“It would have been nice if we could have eased in and started recording,” she says. “I had zero experience with amplified music before 2012, and then I started playing shows, and I didn’t have any actual experience recording either, so like articulating my vision, what I was going for, took a while.”

Things finally calmed down for the band in 2014, and now she seems more than prepared for this next stage. On Nevermind I Love You, that vision feels articulated. Many of the songs were written during her last years in college, eager for a change of scenery and a change of pace, but unwilling to break her commitment to finish her degree.

This ambiguous place she found herself in was exactly the impetus she needed to start figuring things out, musically speaking.

“I had this feeling that I was like missing the point, or I wasn’t getting it, so a lot of these songs are about searching for the truth, about yourself or about anything.”

In the early songs on the album we are presented with a version of Gebhardt that is torn between her wanderlust and her impulse to stay and fix things, to love and be loved. Like the restless protagonist of “Moving Song” or the messy lover of “Vermillion” just trying to hold together the pieces of something that might not even be worth the effort, they are conflicted but hopeful. They know they are still young but they’re starting to realize they won’t be young forever.

These are all familiar archetypes, familiar situations for a young romantic to find oneself in, but with Gebhardt’s keen lyrics and hauntingly powerful voice, they come alive in a profoundly touching way. That search for truth or understanding is further exemplified on tracks like “Blooms” or “Mountain. But where the album reaches its emotional peak, and where Gebhardt’s journey comes to the end of a chapter, is on “Honesty,” which begs the listener to ground her impulses in something real and try to divine what exactly she’s looking for.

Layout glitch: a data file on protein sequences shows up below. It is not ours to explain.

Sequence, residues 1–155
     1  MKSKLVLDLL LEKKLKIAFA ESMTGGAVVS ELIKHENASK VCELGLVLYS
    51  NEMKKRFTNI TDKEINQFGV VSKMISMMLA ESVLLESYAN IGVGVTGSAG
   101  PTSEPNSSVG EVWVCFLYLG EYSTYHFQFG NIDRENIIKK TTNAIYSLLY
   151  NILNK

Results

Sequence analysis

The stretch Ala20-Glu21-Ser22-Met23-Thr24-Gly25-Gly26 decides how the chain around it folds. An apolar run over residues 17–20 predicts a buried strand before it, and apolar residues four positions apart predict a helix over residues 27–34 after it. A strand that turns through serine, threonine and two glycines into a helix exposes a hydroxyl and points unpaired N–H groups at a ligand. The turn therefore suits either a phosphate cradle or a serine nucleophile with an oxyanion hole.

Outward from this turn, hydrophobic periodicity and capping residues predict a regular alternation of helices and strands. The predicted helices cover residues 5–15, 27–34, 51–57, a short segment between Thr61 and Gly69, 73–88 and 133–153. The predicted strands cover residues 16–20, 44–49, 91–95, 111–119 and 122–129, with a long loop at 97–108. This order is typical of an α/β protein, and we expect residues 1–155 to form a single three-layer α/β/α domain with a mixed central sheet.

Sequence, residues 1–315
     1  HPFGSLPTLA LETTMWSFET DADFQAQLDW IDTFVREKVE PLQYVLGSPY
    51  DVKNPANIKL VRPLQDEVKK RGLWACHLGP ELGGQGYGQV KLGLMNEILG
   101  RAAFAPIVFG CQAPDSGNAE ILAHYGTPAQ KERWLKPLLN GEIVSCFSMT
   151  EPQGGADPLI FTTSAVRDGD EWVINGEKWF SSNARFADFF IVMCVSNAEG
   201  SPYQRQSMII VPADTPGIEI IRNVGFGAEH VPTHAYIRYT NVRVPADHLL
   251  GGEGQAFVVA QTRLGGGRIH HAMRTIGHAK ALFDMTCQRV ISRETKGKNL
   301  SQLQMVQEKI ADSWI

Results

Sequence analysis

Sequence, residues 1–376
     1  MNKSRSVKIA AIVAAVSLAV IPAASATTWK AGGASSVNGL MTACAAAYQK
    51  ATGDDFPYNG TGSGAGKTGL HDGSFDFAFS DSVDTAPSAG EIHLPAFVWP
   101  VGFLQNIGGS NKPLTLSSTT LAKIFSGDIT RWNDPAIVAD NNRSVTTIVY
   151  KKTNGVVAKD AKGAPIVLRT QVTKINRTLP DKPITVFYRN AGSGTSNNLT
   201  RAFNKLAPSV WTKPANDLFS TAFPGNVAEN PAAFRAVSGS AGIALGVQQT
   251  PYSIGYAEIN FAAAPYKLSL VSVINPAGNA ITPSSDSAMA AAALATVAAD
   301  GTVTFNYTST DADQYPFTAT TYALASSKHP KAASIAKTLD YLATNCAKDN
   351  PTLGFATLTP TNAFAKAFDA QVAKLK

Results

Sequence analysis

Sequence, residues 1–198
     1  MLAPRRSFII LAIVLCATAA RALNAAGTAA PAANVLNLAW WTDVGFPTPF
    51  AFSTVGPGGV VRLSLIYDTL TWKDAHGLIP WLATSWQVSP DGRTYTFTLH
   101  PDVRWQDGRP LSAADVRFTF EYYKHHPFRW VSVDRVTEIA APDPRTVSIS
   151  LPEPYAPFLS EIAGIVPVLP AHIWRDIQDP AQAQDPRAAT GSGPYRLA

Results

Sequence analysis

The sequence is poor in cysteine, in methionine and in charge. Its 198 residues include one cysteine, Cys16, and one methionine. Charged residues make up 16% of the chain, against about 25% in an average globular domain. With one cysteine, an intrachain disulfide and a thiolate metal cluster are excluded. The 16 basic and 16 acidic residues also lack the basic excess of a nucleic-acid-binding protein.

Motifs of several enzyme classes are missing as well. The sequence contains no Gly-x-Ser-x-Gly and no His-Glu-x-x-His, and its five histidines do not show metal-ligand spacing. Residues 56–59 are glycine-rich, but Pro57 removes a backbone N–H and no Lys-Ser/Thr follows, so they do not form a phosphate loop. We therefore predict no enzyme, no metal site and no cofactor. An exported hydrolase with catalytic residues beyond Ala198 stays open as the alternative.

Too often the concept of wanderlust is equated with an aimlessness, restlessness, a lack of seriousness or commitment. Sometimes that may obviously be the case, but more often than we realize that restlessness, especially when it is our own restlessness, is simply a manifestation of an eager desire to find something that means anything, whether it be a calling or a community or a credo.

Annalibera at 80/35 | 7.5.13

Annalibera at 80/35 in 2013 | photo by Michael Todd

When I reflect back on the days in my life when the impulse to wander was most pressing, most urgent, it occurs to me that those were the times when I was in most dire need of meaning and purpose. The songs that populate this impressive debut album feel like snapshots on just such a journey.

What is most compelling about Nevermind I Love You is the fact that it is essentially an album about trying to figure it all out, but instead of trying to give you answers or show you the way, it settles for just letting you know that you’re not alone. With a track like “Honesty,” Gebhardt acknowledges:

“It’s demanding that you be honest with yourself, but that’s such an elusive aim, you might even think you’re doing it when you’re not.”

This is something most young folk struggle with: this difficult process of sorting through our good influences and our bad influences and trying to find out who we are and who we should be. It’s something with which Annalibera has a considerable amount of experience. But if you come to Nevermind I Love You looking for answers to this challenge, you may leave disappointed. However, if all you seek is inspiration, the knowledge that someone else knows how it feels, you may wind up with more than you ever thought you needed.